Publisher: Namco Bandai
Developer: Chun Soft
The idea of a Dragon Ball Z Kinect game could certainly be cool, if the Kinect hardware were a bit more capable at picking up precise, quick movements with no lag. And if the developers gave it a little more thought and effort than just having players simulate the events of the series through a series of one on one fights. Dragon Ball Z for Kinect, however, is anything but cool. It’s a tedious slog through a highlight reel of the well-known, and well-tread, Dragon Ball Z saga, starting with Goku’s encounter with his brother Raditz, and ending on the Buu saga.
Dragon Ball Z for Kinect gives you a first person view spread across four chapters, covering the Saiyan, Frieza, Cell, and Buu saga timelines. Each chapter is divided across a series of fights, featuring fan favorite opponents like Captain Ginyu, Android 18, and more. Most of the big names show up here, and if they’re not featured in the fights via the campaign mode, they’re probably unlocked as playable characters for the optional Score Attack mode. Either way, one of the few things Dragon Ball Z for Kinect does right, is that it gives fans a sizeable roster of characters to toy around with if they can get past the middling gameplay.
Where Dragon Ball Z for Kinect starts to fall apart is when you actually advance into a fight. Each encounter is filled with dialogue and exposition in true Dragon Ball Z fashion, featuring a truncated take on events from the episodes that featured those fights. You can opt to skip through it, thankfully, which is welcomed considering so much of this material has been covered numerous times before.
When the fight is ready to begin, you’ll square off against your opponent, and strike the air with your fists in order to either fire off projectiles if your opponent is at range, or land blows with your firsts if your enemy is in your face. Either way you’ll look like a fool, and quickly realize that while the Kinect knows that you’re moving your hands in front of you, it doesn’t have the capability to pick up on fierce, quick jabs in a way that makes any sense. There’s some semblance of a combo system present in Dragon Ball Z for Kinect, in that if you slow your punches down a bit, you can register uppercuts, right and left hooks, and even jabs. But one of the core components to doing well requires you to quickly string hits together in order to score an extended animation sequence for more damage, and to fill that meter quickly, you’re pretty much required to flail your arms around as fast as possible with little regard to style.
And that last comment pretty much sums up Dragon Ball Z for Kinect’s gameplay in its entirety. I’d venture to say that I spent ¾’s of the time just swinging my arms in the air, and the remainder was spent participating in quick time events to dodge or block incoming enemy attacks. These segments were also hit or miss, as the game seems to have a hard time deciding if you’re blocking or punching anytime you start to move your arms. More problematic is the ability to charge up your special attacks, like Goku’s patented Kamehameha, which requires you to take on a particular stance and hold it for an extended amount of time. The placement needed to get the Kinect to register that stance is so ridiculously precise and touchy that it almost makes it worthless to even bother. And the charge time can be ridiculously long, so much so that you’ll often feel like you’re getting better results by just punching the air some more, even if it means taking a little longer to finish the fight.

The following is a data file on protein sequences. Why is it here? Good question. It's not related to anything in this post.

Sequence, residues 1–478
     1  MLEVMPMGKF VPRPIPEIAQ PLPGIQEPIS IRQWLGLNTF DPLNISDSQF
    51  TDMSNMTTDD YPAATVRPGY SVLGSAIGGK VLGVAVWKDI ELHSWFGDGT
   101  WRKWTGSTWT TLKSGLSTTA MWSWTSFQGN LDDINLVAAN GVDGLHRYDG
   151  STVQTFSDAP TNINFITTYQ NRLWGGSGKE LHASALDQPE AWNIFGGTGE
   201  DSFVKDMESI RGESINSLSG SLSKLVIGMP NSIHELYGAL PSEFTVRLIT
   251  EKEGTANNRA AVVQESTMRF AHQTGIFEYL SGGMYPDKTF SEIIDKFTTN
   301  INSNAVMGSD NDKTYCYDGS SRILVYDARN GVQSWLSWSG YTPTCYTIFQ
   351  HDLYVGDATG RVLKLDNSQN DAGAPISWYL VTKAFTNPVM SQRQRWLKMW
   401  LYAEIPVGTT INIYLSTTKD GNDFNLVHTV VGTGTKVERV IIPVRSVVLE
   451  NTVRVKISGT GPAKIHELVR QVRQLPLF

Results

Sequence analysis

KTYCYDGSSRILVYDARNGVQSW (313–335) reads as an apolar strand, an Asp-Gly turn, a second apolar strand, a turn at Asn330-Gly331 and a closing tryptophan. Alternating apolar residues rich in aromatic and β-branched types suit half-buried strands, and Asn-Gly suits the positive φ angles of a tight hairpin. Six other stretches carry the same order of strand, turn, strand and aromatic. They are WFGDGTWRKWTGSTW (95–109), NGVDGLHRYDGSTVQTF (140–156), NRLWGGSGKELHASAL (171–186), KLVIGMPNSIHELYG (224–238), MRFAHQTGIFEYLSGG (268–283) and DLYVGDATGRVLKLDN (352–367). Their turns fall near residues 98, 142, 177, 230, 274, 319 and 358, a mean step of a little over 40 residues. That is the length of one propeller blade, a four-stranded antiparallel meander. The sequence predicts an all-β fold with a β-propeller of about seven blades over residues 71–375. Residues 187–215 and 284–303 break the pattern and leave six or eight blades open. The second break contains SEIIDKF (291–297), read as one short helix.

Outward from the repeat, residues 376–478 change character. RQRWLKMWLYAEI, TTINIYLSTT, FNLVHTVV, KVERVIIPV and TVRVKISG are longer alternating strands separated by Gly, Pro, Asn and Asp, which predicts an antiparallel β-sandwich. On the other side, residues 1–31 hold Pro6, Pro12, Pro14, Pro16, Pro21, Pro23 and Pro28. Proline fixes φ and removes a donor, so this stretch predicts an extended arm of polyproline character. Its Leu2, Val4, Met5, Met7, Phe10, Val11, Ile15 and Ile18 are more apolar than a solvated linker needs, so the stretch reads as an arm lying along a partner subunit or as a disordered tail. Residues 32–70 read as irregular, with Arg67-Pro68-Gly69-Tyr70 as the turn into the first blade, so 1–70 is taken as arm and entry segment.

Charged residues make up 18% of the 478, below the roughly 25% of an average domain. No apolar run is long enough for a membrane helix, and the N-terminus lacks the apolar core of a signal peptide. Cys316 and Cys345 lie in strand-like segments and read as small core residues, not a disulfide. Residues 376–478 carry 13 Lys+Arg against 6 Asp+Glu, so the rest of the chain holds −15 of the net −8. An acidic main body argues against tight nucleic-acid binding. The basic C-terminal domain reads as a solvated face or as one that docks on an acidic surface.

There are a couple positives that the game has going for it, even if they pale in comparison to the core gameplay issues mentioned above. One is the inclusion of the Bardock episode, detailing the events surrounding Goku’s father. As a Dragon Ball Z fan there’s a pretty good chance you’ve either seen or own this in one form or another, but it’s a nice addition nonetheless. And the quality of it is pretty much on par with most HD animated offerings, and it’s also subbed instead of dubbed, which is also great.
Visually Dragon Ball Z for Kinect isn’t a bad looking game either, adopting the cel-shaded look that’s been a trademark style for a lot of Dragon Ball Z games this gen and last. And the voice over work features a lot of familiar, returning voice actors that long-time fans will probably appreciate, provided you care for the English dub at all.
But those scant few things do little to outweigh the multitude of issues that the game has. Overall, I found it be a failure in bringing the excitement of the combat featured in Dragon Ball Z home for Kinect owners. It doesn’t do much more than give you a limited upper body cardio workout, tire out your arms, and let you watch the same recycled content that has filled Dragon Ball Z videogames for years now. I much prefer the more traditional fighting experiences offered by games like the Budokai series than this mess of a game, and highly urge you to avoid this one regardless of how big a fan of Dragon Ball Z you might be.